Normalcy on Monday?

After the surprise of my life on Saturday, I slipped back into normalcy today. As I watch the television new show sipping my morning coffee, I am so glad I’m not one of the gladiators fighting traffic to get to work. Like many of commuters, I did this for over ten years. Caregiving does have some advantages.

The big news today is the contractor is here. He arrived at 6:45 a.m. and you guessed it, I was still slumbering. Thank goodness Ken was up. Kevin (the contractor) needed to move my car, so he could park his truck and tools in the space my car occupied in front of our house. The commotion woke me, and yes, Kevin saw me with disheveled hair in my pajamas.

Sounds like a Monday morning, yes?

Enjoy your MONDAY.

Here’s the next two chapters of the book for your reading pleasure. Let me know if you’re enjoying me unfolding the book in this way.

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APPLE PIE AND STRUDEL GIRLS – BOOK 3

Chapter 6

Lviv, Ukraine – March, 1940—With every passing day, Dora spiraled down from a beautiful, cultured, professional woman to a defeated person who couldn’t face the day. She didn’t care if she got up in the morning, combed her hair or got dressed.  She ate little. She slept over fourteen hours every day. During her few waking hours she gathered the children to her bed and told them stories she made up from her imagination.

Heidi found it difficult to watch Dora’s despair. Coaxing her to go get out of bed and get some sunshine fell on deaf ears. Instead, she would stare into nothingness for hours. Her large dark eyes sunk into her face. Their safe life in Lviv slowly ate away at her.  Saddest of all, Dora chattered everyday that Edward would come and rescue them. But even young David understood his father would never find them.

The children adapted to their situation with the help of Heidi. She kept them happy with games and songs she remembered from her childhood. She taught them simple lessons every day after they ate their paltry breakfast. With baby Jacob sleeping in a dresser drawer, Heidi took David and Ruthie outside to run and play with the other children who lived in the building. When Heidi ran out of stories, she taught them all basic ballet steps. Before long, Heidi acquired a dance class of over forty children.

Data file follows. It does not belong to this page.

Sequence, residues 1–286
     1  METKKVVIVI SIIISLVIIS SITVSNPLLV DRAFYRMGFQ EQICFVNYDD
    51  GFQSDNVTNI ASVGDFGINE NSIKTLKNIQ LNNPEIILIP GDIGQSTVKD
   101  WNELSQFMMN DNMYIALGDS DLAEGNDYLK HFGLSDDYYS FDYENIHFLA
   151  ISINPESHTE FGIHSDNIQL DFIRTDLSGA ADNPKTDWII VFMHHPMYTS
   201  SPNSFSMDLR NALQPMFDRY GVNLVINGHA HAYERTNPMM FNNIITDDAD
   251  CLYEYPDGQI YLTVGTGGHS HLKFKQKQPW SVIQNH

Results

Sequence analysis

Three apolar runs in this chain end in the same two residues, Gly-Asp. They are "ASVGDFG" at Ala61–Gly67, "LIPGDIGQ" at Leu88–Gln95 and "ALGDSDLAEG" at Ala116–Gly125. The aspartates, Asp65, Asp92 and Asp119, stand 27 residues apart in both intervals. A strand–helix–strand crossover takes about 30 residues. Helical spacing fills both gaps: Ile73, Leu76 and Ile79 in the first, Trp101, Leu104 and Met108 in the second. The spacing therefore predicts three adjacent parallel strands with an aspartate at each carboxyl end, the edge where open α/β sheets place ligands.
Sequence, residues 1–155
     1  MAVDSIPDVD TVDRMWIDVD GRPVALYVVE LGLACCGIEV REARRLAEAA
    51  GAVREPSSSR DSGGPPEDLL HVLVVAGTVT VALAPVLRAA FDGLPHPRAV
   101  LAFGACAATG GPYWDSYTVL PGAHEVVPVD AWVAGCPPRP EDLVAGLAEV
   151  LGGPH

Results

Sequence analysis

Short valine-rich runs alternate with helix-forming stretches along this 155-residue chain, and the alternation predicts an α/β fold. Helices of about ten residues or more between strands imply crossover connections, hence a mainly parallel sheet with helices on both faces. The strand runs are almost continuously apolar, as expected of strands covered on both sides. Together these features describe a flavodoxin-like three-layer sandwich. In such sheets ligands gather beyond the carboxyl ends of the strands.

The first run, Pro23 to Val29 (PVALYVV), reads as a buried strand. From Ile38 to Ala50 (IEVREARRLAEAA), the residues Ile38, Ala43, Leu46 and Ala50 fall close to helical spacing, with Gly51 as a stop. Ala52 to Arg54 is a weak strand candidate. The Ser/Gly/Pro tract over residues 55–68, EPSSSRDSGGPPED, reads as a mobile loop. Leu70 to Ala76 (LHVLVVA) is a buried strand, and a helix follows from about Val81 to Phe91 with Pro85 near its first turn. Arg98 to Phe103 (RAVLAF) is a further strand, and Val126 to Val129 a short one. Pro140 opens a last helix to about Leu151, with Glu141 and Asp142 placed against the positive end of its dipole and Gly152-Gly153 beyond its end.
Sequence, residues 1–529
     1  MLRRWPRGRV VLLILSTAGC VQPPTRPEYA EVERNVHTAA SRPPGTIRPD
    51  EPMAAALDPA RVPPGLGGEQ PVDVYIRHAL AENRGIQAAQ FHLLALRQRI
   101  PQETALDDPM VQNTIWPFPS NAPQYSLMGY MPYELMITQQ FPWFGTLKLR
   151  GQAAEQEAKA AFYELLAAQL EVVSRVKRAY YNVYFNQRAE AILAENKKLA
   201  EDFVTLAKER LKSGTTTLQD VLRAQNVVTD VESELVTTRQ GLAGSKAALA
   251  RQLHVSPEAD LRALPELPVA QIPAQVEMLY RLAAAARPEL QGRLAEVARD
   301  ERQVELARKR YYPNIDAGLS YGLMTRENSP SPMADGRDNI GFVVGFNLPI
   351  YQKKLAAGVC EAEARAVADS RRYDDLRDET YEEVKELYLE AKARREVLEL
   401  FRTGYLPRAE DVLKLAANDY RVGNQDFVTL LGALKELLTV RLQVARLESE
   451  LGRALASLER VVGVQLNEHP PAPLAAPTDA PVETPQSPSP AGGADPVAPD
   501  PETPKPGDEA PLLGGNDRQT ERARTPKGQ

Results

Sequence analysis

The neighbors thanked Heidi for keeping their children occupied during the day as they looked for work. The few who found some kind of employment shared their meager wages with others to buy bread. With the influx of so many refugees food shortages affected everyone. Many nights people in the apartment went to bed hungry. Only laughter from the dancing classes kept Heidi and the children wanting to get up the next morning.

Seven months had passed since they left Warsaw even though it seemed much longer. Periodically news about Poland trickled into Lviv. None of it was good, and getting messages outside of Ukraine proved difficult and expensive. Nonetheless, Heidi wrote to her uncle and prayed the message would reach him.

Dear Uncle Hans,

I am writing this letter from Lviv. Gossip tells us the Nazi’s are in complete control in Warsaw, so I pray everyday you and the children are safe and affected little by the invasion.  

I made a good decision to accompany Dora on this journey because she couldn’t possibly go alone.  She has succumbed to dire sadness and has become so weak many days she does not get out of bed. She worries about about her husband, her parents who stayed in Warsaw, and her many friends. No matter how many times I tell you she did her best to get her family out of Poland. The worst part is when David and Ruthie ask when their father will come and get them.